Malaria Field Coordinators Prep for Role

May 08, 2013

*By Barbara Dunlap-Berg

 NASHVILLE, Tenn. (UMNS) – In mid-April, 13 new and veteran Imagine No Malaria field coordinators and guests from 12 United Methodist annual (regional) conferences gathered in Nashville, Tenn., for a week of intensive training.
 
The Rev. Linda Caldwell, California-Nevada Conference Superintendent for Mission Collaboration, attended the training for the annual conference. "We are living in an historic time as United Methodists," she said. "When I hear stories about great moments in history, I often find myself wondering what I would have done had I been there," said Caldwell. She asked herself, "Would I have participated in the movement that changed lives and changed history? Would I step up in the name of Christ?"
 
Caldwell says we are living in a time of great opportunity, a historic moment, in which the California-Nevada Conference has been invited to work with global partners to save lives on the continent of Africa.
 
Sandra Weaver, Imagine No Malaria communications coordinator, told participants that the campaign message has changed from "eradicating or eliminating malaria deaths" to "reducing the number of preventable deaths" by 2015. Malaria is a life-threatening disease caused by parasites that are transmitted to people through the bites of infected mosquitoes.
 
Weaver noted that since the effort began, deaths from malaria have been cut in half. According to the World Health Organization, in 2010, malaria caused an estimated 660,000 deaths, mostly among African children.
 
Working with conference leaders and Imagine No Malaria staff, field coordinators are "the key catalysts and resource people for grassroots fundraising in congregations," said Sheri Altland, INM campaign director.
 
The field coordinators' role, she said, "is to actively engage the whole conference – congregations and conference leaders – in the campaign to save lives by raising funds. We work directly with conferences to help them understand how to have an effective Imagine No Malaria campaign through awareness, education, advocacy and fundraising."
 
No two campaigns are alike because no two conferences are identical. Each field coordinator creates specific benchmarks and a plan of action for his or her conference campaign. Training conference- and district-level volunteers is high on the list of responsibilities, Altland said. The field coordinators facilitate a conference Imagine No Malaria steering committee with the bishop as a major player and collaborate with other groups to determine effective community-outreach options.
 
Imagine No Malaria switched from "central office" coordination to the field coordinator model in August 2012.Currently,field coordinators in six conferences are engaged in active campaigns. Seven new field coordinators will launch conference campaigns by June 1. Several other conferences have taken preliminary steps to get on board by yearend.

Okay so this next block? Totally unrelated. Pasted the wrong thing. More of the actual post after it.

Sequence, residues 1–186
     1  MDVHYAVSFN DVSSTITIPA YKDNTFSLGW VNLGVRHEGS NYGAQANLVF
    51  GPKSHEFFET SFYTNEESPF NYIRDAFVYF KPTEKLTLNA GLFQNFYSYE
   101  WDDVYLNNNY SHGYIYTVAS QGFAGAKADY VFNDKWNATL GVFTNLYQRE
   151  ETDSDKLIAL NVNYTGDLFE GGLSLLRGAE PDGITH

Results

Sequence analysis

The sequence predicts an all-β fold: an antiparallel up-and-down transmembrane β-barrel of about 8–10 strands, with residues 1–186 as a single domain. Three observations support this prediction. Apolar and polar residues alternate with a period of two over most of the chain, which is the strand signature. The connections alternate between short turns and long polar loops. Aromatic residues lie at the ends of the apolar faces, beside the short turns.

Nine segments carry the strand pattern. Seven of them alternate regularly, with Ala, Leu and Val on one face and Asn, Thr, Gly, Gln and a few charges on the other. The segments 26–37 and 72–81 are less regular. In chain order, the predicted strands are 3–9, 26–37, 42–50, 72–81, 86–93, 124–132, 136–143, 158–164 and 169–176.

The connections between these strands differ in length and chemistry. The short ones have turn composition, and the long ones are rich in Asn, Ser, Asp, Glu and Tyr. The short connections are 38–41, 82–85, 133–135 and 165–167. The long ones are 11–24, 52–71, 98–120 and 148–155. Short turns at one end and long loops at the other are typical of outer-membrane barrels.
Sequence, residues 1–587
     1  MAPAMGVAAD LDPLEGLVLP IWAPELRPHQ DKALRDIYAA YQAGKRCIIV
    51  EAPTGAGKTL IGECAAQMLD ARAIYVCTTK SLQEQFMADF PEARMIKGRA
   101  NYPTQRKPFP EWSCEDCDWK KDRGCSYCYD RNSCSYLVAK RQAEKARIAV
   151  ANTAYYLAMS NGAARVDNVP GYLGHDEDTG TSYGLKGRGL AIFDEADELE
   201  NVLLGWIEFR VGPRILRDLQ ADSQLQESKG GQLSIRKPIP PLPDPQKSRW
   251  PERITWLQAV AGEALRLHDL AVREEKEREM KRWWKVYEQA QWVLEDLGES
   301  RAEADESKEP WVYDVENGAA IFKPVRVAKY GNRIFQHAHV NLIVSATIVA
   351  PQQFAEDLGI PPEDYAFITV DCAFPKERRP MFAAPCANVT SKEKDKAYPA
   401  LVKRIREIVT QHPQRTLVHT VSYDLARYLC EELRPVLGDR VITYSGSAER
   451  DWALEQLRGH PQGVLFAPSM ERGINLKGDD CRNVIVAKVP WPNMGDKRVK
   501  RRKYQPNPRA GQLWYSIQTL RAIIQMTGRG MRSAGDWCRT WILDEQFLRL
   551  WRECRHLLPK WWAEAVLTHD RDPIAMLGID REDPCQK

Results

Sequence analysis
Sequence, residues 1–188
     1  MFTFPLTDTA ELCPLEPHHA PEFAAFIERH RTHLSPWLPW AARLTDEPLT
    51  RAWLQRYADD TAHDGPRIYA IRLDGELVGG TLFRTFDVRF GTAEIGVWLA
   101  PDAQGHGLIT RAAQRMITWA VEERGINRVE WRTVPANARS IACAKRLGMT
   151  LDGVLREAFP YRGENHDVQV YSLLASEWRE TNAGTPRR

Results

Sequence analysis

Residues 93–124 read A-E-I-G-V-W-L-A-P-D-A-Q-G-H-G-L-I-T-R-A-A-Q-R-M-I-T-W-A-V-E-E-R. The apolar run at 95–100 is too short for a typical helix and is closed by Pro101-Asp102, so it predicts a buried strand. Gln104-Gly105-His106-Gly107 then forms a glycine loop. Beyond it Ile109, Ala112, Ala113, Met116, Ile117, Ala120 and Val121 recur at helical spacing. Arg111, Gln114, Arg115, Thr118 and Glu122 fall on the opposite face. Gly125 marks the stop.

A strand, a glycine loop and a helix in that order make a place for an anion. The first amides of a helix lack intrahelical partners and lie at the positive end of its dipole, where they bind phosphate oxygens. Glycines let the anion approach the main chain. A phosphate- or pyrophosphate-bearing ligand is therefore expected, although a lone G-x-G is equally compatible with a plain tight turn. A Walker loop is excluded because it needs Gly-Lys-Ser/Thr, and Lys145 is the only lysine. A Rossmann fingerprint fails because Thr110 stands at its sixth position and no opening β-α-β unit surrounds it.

The ideal, Altland said, would be for all 59 U.S. annual conferences to have field coordinators. She encouraged conferences to contact Ashley Gish who directs and resources field services for Imagine No Malaria.
 
Tiny cost, huge impact
 
LeRae Collins, a laywoman from Fountain City United Methodist Church, Knoxville, Tenn., began her work as a Holston Conference field coordinator in August 2012.
 
"We are not simply saving lives through Imagine No Malaria," she said. "We are changing lives in our churches and communities through this ministry. Imagine No Malaria is a living example of how God can do extraordinary things and how together, as a connectional church, we are able to do extraordinary things through God.
 
"I am passionate about Imagine No Malaria because Christ has offered abundant life to me. For me, Imagine No Malaria is an opportunity for the people of The United Methodist Church to join together to do an extraordinary thing."
 
 "This was a chance for me to get refreshed after being in the field for six months," she said, " to share best practices,  hear new stories,  and get the latest statistics and info to take back and share.
 
"Some problems are so complex, and we feel hopeless in the face of them. But malaria is something we know how to prevent, treat and beat. The cost is tiny, and the impact is huge.
 
"In this effort," Dawson continued, "I have found a ministry that cares for the whole person, saves lives and does so by empowering our brothers and sisters in Africa and getting us out of our 'comfortable places' back at home."
 
'Empowering local leaders'
 
The Rev. Kerry Greenhill, an ordained deacon from the New England Conference, serves the Rocky Mountain Conference as field coordinator.
 
In her role since January, she said, "What excites me about the campaign is that this is a ministry of health and healing that is about both compassion and justice. Not only are we relieving suffering for thousands of families across Africa; we are also empowering local leaders through training, support and accountability to develop the infrastructure that will support future public health efforts in a sustainable way.
 
"Children in the United States don't have to worry that they might die from a mosquito bite, but children in Africa still do. I believe that just as Jesus made healing a central part of his ministry, we as the body of Christ today have a calling to offer healing, wholeness and abundant life in Jesus' name."
 
Along with getting up-to-speed on their responsibilities, participants also learned the latest about the United Methodist initiative to fight malaria and heard about three upcoming special events:
"When one of us has malaria," said participant Charissa B. Shawcross, a mission interpreter for the North Central Jurisdiction, "we all have malaria."
 
*Dunlap-Berg is internal content editor for United Methodist Communications, Nashville, Tenn.